This volume draws together leading theologians and Christian ethicists from across the globe to critically engage with and reflect upon Gerald McKenny, widely acknowledged as one of the most original and important Christian ethicists working today. The essays highlight the significance of McKenny’s interventions with a range of important debates in contemporary theological ethics, ranging from analyses of the Protestant conception of grace to bioethics and medicine.
The Ethics of Grace is the first volume to facilitate critical engagements with a number of key themes in McKenny’s work, not in the least his interpretation of Karl Barth. Among the contributions, Jennifer Herdt discusses McKenny’s Barthian interest in the relationship between nature and grace; Angela Carpenter uses his Barthian understanding of grace and human action as a framework to discuss Jonathan Edwards; Stanley Hauerwas pushes McKenny’s theology beyond Barth. Economic, political, and technological themes are also discussed in depth, for instance in Robert Song’s chapter on the phenomenology of biotechnological enhancement.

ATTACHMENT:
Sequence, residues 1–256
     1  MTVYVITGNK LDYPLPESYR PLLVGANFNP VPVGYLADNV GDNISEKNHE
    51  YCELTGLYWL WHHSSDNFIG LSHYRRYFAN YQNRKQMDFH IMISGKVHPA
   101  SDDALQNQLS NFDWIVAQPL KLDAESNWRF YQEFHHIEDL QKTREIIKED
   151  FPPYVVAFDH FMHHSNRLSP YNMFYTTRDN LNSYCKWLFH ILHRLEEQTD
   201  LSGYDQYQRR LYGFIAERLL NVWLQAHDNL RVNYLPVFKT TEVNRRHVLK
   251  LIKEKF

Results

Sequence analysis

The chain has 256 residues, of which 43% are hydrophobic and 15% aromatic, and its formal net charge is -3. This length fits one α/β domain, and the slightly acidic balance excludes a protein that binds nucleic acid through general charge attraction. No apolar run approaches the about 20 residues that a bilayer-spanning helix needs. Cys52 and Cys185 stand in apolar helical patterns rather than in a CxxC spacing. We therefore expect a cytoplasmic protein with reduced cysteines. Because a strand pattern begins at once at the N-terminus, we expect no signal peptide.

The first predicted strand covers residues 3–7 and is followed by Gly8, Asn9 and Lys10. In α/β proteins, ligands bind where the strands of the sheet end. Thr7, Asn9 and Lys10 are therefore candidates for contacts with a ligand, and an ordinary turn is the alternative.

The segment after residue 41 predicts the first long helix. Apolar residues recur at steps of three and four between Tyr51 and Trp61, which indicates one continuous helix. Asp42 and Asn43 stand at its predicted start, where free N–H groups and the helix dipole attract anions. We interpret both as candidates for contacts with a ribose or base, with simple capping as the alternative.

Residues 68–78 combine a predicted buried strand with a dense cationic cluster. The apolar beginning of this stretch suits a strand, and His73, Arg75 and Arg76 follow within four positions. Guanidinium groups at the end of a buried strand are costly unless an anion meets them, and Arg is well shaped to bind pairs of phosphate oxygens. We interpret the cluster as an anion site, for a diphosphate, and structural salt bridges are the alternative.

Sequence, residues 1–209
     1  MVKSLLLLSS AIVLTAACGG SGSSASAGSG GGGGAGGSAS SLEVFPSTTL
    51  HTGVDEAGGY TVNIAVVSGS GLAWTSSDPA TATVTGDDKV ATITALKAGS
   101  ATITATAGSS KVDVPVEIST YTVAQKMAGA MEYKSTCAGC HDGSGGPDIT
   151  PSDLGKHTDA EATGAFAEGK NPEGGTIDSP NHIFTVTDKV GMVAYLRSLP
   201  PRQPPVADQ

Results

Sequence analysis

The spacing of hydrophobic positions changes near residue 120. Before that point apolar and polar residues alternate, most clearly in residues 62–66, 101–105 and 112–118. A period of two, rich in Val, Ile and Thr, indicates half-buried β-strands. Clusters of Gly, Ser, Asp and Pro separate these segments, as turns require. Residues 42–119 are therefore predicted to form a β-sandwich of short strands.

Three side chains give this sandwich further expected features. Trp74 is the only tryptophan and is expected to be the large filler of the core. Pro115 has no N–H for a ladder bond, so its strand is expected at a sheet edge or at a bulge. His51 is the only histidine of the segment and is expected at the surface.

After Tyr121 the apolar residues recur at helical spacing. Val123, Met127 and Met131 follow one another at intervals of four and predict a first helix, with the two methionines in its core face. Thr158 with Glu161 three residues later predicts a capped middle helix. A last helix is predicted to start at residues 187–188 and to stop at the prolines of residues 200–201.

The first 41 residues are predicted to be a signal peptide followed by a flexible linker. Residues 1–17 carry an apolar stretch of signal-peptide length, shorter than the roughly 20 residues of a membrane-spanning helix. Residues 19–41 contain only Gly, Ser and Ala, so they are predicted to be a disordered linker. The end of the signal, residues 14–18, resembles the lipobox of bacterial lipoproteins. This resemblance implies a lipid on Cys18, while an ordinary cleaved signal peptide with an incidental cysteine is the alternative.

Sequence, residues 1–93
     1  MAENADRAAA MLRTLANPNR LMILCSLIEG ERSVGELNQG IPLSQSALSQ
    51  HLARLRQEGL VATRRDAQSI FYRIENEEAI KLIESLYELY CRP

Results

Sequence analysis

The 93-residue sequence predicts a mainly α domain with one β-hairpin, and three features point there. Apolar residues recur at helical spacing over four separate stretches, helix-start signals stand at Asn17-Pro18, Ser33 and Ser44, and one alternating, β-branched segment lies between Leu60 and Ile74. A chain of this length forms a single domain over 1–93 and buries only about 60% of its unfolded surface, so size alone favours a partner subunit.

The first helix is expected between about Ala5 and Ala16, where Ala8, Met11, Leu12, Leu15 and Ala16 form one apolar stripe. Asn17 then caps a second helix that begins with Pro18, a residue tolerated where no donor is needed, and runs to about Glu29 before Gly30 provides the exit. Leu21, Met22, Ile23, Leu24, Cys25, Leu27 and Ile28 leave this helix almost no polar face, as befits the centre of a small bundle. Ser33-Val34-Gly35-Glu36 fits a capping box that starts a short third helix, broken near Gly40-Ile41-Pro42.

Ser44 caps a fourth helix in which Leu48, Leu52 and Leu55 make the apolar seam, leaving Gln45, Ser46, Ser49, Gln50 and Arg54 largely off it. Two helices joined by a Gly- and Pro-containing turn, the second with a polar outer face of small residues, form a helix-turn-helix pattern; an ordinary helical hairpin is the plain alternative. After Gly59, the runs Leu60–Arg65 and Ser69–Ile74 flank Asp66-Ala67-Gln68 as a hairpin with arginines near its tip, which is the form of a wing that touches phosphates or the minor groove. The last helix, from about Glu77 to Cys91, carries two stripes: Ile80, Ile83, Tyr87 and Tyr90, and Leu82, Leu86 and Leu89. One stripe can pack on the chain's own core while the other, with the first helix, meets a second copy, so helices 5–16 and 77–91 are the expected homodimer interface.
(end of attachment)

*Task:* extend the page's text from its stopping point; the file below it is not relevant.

Reaching far beyond the work of Gerald McKenny, this multifaceted volume is a high-level resource for students and scholars of theological and philosophical ethics.
This is a thrilling book to read. Working at the creative boundary between ethics and grace, its comprehensive coherence, lively discussion, and probing analysis offers more than standard edited volumes. Its critical and respectful dialogue with McKenny is a fitting tribute to a scholar whose influence is broad and deep. -- Celia Deane-Drummond, University of Oxford, UK Gerald McKenny has, without doubt, been amongst the finest Protestant ethicists of recent times in the English-speaking world. This is an outstanding collection of engagements with his work, which beautifully mirror the scholarly breadth, analytical rigour, and above all the deep intellectual generosity that have marked his own writing. -- Robert Song, Durham University, UK Theological ethicists owe a tremendous debt to Gerald McKenney; the following work is a modest response to that debt. As the introduction notes, he has been a "patient and gracious" reader of others' while at the same time presenting an ethics of grace attentive to nature. I'm tempted to say that he offers the best version of a Reformed ethic available today, but the ecumenical and theological diversity of the authors and chapters demonstrate that such a sentiment is far too limiting. Mawson and Martens are to be commended for bringing attention and honor to the importance of McKenney's work. -- D. Stephen Long, Southern Methodist University, USA